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Entries in YouTube (2)

Wednesday
Jun262013

Wendy Davis Filibuster Couldn't Happen Here

The high stakes drama that unfolded on the Texas Senate floor Tuesday night had the makings of unending intrigue for political science junkies — a live talking filibuster, procedural motions galore, raucous crowds in the gallery and a bill dealing with the most politically divisive issue in America today: abortion.

Watching the debate on YouTube reminded me why I got into state politics to begin with — the consequences of decisions are so immediate to citizens, the forum is accessible and the drama is so real.

The debate evoked memories of “Mr. Smith Goes to Washington” as Texas Senator Wendy Davis stood for more than 11 hours — with no water, no leaning and a warning after a colleague helped adjust her back brace — speaking against Senate Bill 5.

Facebook and Twitter came alive with comments and support for Davis. YouTube registered thousands of views as a growing number of people watched the proceedings on the Texas Senate floor as if it were a New Year's Day bowl game.

Adding to the excitement was the clock — if the debate could extend past midnight in Austin, the anti-abortion bill would die under the rules of the Texas legislative special session. As the clock neared midnight, Texans in the gallery took to their feet to disrupt proceedings for the remaining 15 minutes, which ultimately killed the bill. Truly, a storybook ending to this amazing story of political suspense and maneuvering.

For all of the excitement in Texas and the adoration heaped on Senator Davis as a result of her filibuster, the reality in Oregon is such a showdown could not occur here. The arcane rules of procedure that govern the Oregon House and Senate provide very specific processes for debate — none of which allow a filibuster. In both Oregon chambers, members are limited to five minutes of discussion in debate.

Under limited circumstances, they can speak longer, but under no circumstances can a member go on for 10 hours to stop debate on a bill. Oregon also limits the ability of the minority to amend bills on the floor, withdraw measures from committee or prevent the orderly completion of business.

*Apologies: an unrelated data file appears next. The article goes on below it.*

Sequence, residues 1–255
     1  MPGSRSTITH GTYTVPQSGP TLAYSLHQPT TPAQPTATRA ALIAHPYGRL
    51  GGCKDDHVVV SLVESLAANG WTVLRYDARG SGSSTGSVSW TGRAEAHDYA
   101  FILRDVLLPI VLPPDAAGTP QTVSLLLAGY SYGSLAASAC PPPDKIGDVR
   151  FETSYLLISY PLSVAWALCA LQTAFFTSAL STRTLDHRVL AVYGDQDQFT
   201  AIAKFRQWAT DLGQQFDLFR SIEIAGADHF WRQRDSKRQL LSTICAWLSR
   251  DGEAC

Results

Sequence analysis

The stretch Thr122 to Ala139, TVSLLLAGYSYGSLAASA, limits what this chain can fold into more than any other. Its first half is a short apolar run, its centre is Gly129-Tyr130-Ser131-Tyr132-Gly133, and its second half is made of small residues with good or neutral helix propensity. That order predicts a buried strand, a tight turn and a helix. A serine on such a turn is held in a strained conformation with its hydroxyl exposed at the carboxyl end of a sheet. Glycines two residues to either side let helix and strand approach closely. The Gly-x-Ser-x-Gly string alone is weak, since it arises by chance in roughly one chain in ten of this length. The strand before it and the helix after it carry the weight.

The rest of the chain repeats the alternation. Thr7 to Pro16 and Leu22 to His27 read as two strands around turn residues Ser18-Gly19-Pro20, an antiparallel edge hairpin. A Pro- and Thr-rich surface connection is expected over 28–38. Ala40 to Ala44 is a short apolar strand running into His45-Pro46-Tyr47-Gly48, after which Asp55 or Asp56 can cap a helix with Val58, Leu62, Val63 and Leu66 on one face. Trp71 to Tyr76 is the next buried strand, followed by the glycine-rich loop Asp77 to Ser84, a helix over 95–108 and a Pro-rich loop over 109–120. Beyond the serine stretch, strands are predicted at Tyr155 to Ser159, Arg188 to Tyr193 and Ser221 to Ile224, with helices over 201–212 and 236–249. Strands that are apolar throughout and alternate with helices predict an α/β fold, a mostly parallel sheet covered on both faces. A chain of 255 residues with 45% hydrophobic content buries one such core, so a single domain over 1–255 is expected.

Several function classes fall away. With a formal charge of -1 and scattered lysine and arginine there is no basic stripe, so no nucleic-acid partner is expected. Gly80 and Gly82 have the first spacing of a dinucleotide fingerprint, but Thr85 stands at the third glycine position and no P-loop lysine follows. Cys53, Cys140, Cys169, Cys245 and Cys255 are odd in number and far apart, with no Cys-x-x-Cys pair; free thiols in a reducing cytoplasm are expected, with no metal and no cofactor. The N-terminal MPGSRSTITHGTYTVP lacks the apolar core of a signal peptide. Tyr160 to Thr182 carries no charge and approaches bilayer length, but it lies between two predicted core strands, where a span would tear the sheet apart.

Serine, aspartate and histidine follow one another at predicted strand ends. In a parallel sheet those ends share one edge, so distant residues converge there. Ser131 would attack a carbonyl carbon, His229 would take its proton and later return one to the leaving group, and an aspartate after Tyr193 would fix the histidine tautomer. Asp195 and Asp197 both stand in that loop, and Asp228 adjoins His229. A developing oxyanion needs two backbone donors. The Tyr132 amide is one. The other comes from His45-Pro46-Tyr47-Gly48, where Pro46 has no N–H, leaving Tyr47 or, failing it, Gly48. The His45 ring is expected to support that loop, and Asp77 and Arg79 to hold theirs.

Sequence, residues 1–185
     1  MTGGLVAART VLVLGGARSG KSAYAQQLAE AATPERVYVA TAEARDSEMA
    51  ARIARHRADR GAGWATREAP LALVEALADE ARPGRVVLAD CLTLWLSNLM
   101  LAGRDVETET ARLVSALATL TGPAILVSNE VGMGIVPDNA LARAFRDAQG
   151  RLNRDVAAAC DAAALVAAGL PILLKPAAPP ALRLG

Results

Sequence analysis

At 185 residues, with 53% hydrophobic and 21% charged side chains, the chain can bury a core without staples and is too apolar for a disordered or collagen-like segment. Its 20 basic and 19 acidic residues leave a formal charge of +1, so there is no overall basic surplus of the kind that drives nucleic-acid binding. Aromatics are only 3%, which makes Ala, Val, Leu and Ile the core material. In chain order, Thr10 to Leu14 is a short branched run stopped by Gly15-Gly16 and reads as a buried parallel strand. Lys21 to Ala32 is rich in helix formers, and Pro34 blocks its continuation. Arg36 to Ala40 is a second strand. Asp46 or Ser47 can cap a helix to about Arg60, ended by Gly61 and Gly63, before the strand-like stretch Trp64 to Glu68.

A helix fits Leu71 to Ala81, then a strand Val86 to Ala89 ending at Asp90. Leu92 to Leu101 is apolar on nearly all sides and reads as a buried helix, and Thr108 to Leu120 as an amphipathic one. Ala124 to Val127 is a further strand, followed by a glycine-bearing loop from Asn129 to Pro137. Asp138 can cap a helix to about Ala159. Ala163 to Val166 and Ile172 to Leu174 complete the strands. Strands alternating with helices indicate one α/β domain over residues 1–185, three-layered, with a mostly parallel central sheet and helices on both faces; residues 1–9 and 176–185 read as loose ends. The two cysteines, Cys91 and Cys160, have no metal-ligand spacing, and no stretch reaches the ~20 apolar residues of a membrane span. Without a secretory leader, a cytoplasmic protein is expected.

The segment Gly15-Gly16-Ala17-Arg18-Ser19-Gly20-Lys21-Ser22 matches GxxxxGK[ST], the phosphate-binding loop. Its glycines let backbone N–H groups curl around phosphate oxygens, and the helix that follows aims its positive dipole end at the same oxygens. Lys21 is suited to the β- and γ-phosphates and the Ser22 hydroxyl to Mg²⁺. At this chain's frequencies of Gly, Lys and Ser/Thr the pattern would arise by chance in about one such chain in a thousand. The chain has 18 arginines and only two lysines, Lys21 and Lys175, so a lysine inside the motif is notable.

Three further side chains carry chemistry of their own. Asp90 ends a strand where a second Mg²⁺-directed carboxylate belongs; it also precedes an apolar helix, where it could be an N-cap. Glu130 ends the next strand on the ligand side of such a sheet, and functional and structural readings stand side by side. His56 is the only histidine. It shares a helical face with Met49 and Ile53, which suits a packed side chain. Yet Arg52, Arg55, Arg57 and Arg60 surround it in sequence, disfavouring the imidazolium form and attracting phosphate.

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Tuesday
Jul242012

Oregon's Virtual Presidential Campaign

Oregon isn't a presidential battleground state, which means it has been reduced, in the phrasing of The Oregonian's David Sarasohn, to the role of "campaign ATM."

President Obama made a pit stop in Portland today to appear at a pair of fundraisers. His plane's vapor trail lingered longer than he did. The national press corps was here long enough, though, to scarf down some VooDoo donuts.

Obama followed in the footsteps of Republican challenger Mitt Romney, who has visited Oregon twice to collect campaign cash. Romney stayed longer because he scheduled more fundraising events. 

Neither candidate has staged a public event or submitted to an interview with local reporters to comment on issues of interest to Oregonians. Obama's visit was originally to include a grassroots event, but the shooting in Theater 9 in Colorado led to a schedule disruption. He did make a short stop at a breakfast place and visited with some veterans.

In previous election cycles, Oregon has been a state in play, attracting candidates from both major parties and often those from minor parties, such as the Green Party’s Ralph Nader. But the 2012 presidential election, so entertaining and unexpected in the GOP primary season, has turned into a predictable trench war targeting a shrinking number of undecided voters in a handful of battleground states. 

The election may be a foregone conclusion before the major party nominating conventions officially select the candidates in late August and early September. Naturally, both nominating conventions are on the other side of the continent.

So far, Oregonians haven't complained much about the presidential political slight. One reason is they have been spared the annoyance and anger sparked by endless attack ads, many funded by shadowy groups with unknown donors.

It is true, the absence of presidential attention has meant our job-producing manufacturing sector has gone largely unnoticed at press conferences and photo opportunities, which could produce memory-making pictures for their company walls.

Political operatives are quick to assure Oregonians they haven't been forgotten or, for that matter, taken for granted. Our votes count, even if the political assumption is that they already have been cast.

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